Last month I celebrated 23 years clean and sober. I thought about all the times I tried quitting the destructive behaviors which ruled, and were ruining my life. How many times had I said, “This is it, no more!” Yet, I repeated that pattern over and over again. Powerless.

Me, powerless? Until I entered the rooms of a 12 step program, I had no clue I was powerless. It was easier to blame my genetics, where I lived, the job I had or the friends who just didn’t get me.  I learned to look outside my world and point the finger at my circumstances as the reason my life was deteriorating. A bubble filled with shame, guilt, fear, delusion, blame and anger… that’s where I lived. Someone told me early on, don’t ever forget your last drunk. I haven’t. Thinking about it still sends chills up my spine.
In the beginning it was difficult asking for help. “Why am I going to come clean to complete strangers and talk about all my awful secrets? Won’t they throw me out?” I wondered, “Are all these people just like me? They can’t drink either?” Understanding that concept was an eye opener.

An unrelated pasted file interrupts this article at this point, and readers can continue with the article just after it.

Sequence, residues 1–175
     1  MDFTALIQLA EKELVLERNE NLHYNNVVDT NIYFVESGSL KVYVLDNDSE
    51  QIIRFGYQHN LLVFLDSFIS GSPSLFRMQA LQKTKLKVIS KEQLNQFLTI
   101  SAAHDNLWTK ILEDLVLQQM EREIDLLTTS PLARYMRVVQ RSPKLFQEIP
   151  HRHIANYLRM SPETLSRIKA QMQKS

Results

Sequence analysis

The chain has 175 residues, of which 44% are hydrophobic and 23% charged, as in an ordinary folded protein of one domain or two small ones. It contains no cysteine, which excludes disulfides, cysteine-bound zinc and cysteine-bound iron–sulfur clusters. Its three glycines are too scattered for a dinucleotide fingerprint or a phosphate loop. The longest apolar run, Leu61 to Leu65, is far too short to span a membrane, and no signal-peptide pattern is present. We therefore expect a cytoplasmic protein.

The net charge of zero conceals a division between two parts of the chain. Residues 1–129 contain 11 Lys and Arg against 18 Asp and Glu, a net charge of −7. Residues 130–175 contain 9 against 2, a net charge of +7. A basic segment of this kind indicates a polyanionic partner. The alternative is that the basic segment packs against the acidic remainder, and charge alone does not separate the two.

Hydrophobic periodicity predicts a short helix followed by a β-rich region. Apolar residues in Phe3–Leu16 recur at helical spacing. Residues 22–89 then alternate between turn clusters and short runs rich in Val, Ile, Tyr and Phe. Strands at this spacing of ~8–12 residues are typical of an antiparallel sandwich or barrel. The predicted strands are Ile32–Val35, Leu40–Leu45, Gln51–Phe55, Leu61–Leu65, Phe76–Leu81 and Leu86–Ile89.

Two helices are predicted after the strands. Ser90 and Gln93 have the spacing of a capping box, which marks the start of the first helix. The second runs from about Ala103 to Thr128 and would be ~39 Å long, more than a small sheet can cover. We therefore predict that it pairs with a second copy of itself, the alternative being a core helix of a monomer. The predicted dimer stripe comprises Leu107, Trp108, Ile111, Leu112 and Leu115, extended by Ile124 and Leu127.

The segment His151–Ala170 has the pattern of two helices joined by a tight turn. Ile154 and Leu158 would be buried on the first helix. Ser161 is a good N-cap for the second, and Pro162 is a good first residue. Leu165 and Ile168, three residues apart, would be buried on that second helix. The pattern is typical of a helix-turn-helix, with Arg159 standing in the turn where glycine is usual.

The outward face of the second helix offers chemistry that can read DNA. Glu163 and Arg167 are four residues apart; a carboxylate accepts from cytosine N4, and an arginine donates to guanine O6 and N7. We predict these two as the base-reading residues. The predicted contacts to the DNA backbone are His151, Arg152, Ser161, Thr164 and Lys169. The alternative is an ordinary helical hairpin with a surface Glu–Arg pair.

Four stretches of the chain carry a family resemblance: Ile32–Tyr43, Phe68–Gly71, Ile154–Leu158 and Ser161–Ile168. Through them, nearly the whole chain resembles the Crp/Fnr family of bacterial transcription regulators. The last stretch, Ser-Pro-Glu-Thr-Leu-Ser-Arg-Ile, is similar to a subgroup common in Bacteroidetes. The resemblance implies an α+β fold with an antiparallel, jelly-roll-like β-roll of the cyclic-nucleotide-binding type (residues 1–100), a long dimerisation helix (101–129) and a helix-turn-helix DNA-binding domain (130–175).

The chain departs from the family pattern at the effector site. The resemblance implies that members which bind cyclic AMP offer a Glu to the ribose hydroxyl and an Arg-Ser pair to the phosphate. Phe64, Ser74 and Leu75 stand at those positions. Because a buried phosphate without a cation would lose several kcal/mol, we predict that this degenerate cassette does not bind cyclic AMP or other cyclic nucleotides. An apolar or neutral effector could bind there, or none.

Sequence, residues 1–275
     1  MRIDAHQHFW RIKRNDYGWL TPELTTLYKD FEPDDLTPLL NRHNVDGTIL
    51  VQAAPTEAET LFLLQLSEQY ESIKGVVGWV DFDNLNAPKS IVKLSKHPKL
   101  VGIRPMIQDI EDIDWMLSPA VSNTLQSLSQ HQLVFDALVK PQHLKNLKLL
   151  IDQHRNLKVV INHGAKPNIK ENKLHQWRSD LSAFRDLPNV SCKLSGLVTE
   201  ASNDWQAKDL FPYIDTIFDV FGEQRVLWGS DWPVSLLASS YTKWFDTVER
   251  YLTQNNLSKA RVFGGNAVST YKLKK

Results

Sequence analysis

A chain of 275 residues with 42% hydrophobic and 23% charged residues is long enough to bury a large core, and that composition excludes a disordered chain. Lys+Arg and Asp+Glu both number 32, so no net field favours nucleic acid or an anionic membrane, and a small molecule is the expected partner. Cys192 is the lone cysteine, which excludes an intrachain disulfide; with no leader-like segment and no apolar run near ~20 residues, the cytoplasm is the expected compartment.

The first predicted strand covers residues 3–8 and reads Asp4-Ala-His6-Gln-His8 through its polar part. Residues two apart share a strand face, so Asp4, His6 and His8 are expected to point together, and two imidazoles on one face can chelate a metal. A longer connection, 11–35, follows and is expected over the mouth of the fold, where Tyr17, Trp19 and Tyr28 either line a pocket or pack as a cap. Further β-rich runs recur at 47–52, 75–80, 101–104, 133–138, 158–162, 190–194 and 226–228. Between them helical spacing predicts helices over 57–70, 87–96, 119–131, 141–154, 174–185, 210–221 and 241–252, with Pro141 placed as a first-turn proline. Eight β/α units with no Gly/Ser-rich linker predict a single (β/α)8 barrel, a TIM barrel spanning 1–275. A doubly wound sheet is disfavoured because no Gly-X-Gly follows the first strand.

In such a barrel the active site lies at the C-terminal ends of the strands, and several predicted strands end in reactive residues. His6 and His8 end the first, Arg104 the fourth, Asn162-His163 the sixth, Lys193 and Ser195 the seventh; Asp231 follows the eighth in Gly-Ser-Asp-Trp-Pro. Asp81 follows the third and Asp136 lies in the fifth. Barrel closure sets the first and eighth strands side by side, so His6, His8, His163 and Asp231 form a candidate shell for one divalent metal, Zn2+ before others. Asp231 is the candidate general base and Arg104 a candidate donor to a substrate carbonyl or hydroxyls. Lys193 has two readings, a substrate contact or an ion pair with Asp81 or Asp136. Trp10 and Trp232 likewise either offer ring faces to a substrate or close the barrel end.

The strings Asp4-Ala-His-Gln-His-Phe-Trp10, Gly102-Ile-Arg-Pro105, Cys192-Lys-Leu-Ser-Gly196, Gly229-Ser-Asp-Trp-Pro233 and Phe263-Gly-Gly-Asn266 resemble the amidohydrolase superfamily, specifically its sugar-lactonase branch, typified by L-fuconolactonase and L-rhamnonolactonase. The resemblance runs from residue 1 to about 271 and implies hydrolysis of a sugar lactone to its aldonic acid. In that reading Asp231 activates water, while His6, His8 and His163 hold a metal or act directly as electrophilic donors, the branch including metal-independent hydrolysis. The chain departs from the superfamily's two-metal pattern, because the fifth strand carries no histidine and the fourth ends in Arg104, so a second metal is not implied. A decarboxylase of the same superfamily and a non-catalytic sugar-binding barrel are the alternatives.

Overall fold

Then it started to resonate; the fellowship, the sober people I began to meet  — we were in this together and it was a ‘we deal’. Bill Brown told me that on our first date. What I have learned is there are many things I cannot do alone. I cannot sponsor myself, be my own therapist or best judge of what is right for me. I need help and have to ask for it.

I have learned to swallow my pride and become willing to be vulnerable in front you. My ego will tell me I can figure out problems alone, but when I listen to all the crap I tell myself, I’m headed in the wrong direction.

The “we” deal is a simple formula. First my Higher Power, sponsor, fellow sober travelers and taking my chair in the rooms where I now feel comfortable. Listening instead of lecturing, being open to new ideas and reaching out my hand.

Because it isn’t all about me, it’s about us. To everyone trudging the road, I thank you for getting me here.